They never report Asian man, Hispanic man etc. because that doesn't sell. If we are all truly equal why would the media note the colour of a persons skin? Having said that now I'm starting to think saying person instead of man would be the best way for media to report that situation.

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13 minutes ago, JC2 said:

Both sides of the story should be told before any judgement is passed about the conduct of the officers use of force. I'm not suggesting that officers don't use excessive force but I find it hard to believe that the man was being completely "gentle" for the police to subdue him in the way they did. It's tragic that the man died but sometimes force is needed to incapacitate people, even if it seems excessive. I don't know the facts and it's possible and likely excessive force was used but I will reserve judgement until all the facts are made.

Yeah, and i'm sure you'd say that same thing if there was no video footage of that other guy from a few days ago that was shot while he was laying on the ground with his hands up with the young man sitting beside him. I do believe that there are a lot of decent cops out there, but there are some bad apples that are getting away with murder.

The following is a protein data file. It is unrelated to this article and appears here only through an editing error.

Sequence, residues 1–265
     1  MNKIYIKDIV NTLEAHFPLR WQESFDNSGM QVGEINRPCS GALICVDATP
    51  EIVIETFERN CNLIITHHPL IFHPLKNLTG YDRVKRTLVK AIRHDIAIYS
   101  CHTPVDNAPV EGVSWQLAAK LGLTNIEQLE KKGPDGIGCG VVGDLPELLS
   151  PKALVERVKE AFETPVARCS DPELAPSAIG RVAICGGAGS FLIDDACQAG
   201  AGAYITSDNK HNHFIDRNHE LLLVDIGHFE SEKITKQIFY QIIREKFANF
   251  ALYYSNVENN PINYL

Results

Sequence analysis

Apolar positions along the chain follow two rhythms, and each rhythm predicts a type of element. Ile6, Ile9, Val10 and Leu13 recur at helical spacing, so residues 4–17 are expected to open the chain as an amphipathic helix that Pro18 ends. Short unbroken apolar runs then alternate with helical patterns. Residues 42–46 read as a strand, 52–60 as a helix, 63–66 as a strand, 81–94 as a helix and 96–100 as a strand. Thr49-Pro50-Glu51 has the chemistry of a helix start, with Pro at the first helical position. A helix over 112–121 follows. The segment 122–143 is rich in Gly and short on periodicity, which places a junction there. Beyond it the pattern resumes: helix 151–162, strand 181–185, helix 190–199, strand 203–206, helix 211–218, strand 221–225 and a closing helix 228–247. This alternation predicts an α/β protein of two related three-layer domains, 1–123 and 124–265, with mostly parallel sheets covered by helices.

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7 minutes ago, Salacious Crumb said:

I look forward to the day when the media reports that a man was shot by police.

 

They never report Asian man, Hispanic man etc. because that doesn't sell. If we are all truly equal why would the media note the colour of a persons skin? Having said that now I'm starting to think saying person instead of man would be the best way for media to report that situation.

I agree.  I feel partly responsible with the title.  I'm changing it.

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4 minutes ago, The Weasel said: